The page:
Credit Q&A: Who Can Report Me to a Debt Collector?

Q: A freelance worker is threatening to report me to a collection agency if I do not pay a bill for work I don’t consider completed. Will this affect my credit score? Are there restrictions on who can and cannot report unpaid debts to a collection agency? – Cara

A: Typically, whenever a debt goes unpaid for a long period of time, a creditor will hire a collections attorney or a collection agency to recoup the debt for them.

This practice is especially common among companies that don’t tend to report debts directly to the three major credit bureaus – such as a hospital or a cable company – since most collection agencies let Experian, Equifax and TransUnion know about the debt as a way to entice the consumer to pay up.

According to Robert Markoff, a Chicago-based collections attorney, lawyers don’t usually report directly to the bureaus. However, you may recall, any court judgment that results from a claim filed against you will make it back to the big three so the overall effect is largely the same.

Now, we’re sorry to say, there are very few concrete restrictions as to who can choose either an attorney or debt collection agency to settle the matter.

“There are no legal parameters that say who can send a bill to collections,” Markoff tells MainStreet. He explains that the only real universal stipulation is that the person seeking representation from either an agency or an attorney is the owner of the debt in question. However, he adds, “generally speaking, a collections agency or a collections attorney will make sure there is some validity to the claim before accepting it.”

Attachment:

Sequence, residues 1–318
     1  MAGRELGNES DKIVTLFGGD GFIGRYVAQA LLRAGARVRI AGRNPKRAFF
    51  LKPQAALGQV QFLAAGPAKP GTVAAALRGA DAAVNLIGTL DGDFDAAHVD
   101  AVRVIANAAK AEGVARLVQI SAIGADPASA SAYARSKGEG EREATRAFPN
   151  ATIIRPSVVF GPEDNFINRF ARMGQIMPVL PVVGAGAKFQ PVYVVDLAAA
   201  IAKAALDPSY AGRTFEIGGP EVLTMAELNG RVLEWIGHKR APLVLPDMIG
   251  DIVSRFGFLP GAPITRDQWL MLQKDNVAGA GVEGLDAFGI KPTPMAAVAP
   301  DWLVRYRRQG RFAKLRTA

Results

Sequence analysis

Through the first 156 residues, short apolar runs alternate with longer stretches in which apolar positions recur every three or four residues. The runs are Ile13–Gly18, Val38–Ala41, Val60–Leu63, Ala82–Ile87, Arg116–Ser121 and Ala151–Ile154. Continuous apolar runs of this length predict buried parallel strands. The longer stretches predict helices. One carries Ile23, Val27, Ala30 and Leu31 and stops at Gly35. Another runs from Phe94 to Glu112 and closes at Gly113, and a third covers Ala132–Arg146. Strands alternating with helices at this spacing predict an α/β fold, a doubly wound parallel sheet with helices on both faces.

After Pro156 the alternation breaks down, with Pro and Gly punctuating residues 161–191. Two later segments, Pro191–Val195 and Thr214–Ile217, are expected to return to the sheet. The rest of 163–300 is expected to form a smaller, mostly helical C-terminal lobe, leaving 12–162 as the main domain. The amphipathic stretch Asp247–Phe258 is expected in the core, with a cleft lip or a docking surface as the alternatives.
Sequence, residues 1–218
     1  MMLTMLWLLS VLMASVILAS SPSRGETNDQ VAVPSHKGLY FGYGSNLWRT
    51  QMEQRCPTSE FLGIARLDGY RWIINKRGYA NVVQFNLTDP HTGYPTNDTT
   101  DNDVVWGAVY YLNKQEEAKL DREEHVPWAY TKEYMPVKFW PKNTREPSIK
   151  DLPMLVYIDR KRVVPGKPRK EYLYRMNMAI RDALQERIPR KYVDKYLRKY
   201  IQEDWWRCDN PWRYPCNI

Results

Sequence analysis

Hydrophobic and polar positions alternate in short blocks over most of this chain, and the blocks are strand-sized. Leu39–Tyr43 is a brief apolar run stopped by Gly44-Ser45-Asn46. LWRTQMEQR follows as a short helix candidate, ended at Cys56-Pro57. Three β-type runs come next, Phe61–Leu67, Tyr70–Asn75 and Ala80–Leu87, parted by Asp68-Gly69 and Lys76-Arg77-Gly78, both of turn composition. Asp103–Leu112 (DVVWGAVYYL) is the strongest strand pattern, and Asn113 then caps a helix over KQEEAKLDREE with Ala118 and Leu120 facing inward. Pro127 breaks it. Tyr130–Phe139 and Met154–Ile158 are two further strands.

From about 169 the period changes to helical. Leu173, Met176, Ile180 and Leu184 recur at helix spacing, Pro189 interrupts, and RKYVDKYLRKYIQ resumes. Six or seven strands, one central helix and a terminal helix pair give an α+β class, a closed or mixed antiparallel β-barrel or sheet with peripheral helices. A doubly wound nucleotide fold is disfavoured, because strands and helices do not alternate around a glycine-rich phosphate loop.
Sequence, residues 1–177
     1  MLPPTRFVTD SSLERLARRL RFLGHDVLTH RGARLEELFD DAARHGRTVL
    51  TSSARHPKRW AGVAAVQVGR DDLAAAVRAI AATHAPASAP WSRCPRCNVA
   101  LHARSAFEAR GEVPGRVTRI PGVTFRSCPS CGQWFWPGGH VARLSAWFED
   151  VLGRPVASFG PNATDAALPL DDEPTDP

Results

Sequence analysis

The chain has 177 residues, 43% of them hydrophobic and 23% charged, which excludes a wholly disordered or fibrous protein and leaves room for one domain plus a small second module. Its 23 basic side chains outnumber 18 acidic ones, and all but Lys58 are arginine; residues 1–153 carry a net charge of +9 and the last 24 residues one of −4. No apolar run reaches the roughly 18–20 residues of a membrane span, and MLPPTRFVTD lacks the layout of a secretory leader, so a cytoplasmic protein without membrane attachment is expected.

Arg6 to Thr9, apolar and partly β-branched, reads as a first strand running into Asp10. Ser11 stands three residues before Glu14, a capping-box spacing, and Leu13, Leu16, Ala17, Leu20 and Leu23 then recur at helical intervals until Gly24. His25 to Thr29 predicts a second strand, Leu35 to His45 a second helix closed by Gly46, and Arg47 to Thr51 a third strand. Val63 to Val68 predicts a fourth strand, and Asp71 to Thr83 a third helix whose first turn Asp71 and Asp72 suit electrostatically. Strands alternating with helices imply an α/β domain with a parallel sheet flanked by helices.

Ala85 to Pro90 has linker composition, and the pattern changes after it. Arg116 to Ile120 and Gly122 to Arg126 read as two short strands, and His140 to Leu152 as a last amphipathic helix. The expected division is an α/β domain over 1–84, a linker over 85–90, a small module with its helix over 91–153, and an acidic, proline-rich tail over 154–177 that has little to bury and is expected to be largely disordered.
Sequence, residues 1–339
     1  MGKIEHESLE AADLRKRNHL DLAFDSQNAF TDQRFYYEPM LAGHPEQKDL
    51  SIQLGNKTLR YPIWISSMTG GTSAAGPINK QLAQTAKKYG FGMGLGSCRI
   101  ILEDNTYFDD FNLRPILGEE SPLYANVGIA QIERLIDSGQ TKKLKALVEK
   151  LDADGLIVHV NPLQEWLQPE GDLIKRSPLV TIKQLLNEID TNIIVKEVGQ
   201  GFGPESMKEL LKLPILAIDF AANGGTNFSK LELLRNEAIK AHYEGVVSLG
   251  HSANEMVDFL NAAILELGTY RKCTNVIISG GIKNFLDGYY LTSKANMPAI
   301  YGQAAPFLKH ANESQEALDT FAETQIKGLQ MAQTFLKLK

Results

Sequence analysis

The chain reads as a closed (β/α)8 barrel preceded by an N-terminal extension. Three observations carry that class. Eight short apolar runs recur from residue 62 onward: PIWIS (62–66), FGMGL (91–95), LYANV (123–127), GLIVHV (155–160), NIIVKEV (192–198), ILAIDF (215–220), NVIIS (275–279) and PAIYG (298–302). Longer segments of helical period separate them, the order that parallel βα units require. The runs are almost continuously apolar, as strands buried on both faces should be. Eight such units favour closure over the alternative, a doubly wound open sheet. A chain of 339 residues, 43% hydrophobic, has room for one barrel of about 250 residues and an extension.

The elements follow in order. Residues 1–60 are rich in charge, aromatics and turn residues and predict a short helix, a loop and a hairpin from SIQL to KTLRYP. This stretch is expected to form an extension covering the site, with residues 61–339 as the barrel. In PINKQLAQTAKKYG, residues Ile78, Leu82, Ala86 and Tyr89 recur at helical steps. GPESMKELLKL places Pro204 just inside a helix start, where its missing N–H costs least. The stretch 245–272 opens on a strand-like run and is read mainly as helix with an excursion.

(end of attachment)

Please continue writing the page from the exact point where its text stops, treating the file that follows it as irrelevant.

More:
This is because, should you, the debtor, choose to dispute the claim, the bureau will have an investigation conducted into whether or not the debt is valid. 

While the investigation is being conducted, the data furnisher, or credit bureau, is required to show that the account is being contested during an investigation and, as previously reported, this notation will cause most major credit score models to ignore the unpaid bill. As such, your credit score will remain intact until the dispute is formally resolved.

Of course, whether or not the debt is ultimately removed depends on the circumstances of each case.

FICO, one of the most popular credit score models, will ignores any collection claim less than $100, so there is a bit of wiggle room if your bill is under that amount.

That being said, Tom Quinn, consumer credit expert for Credit.com, points out that most collection agencies are unlikely to take on a small number of isolated past due loans on which to collect since it wouldn’t financially be worth their while.

This means that the disgruntled freelancer seeking restitution could file a lawsuit and, should that happen, you have to weigh your options: pay off a small debt or a possible legal bill.


Keep in mind, there are laws in place that say what a debt collector can and cannot do when seeking to recoup funds. You can find out what these laws are and what recourse to take if you think someone is crossing the line in this separate MainStreet Q&A.


Want to know what can and can't affect your credit score? E-mail your questions to editors@mainstreet.com.

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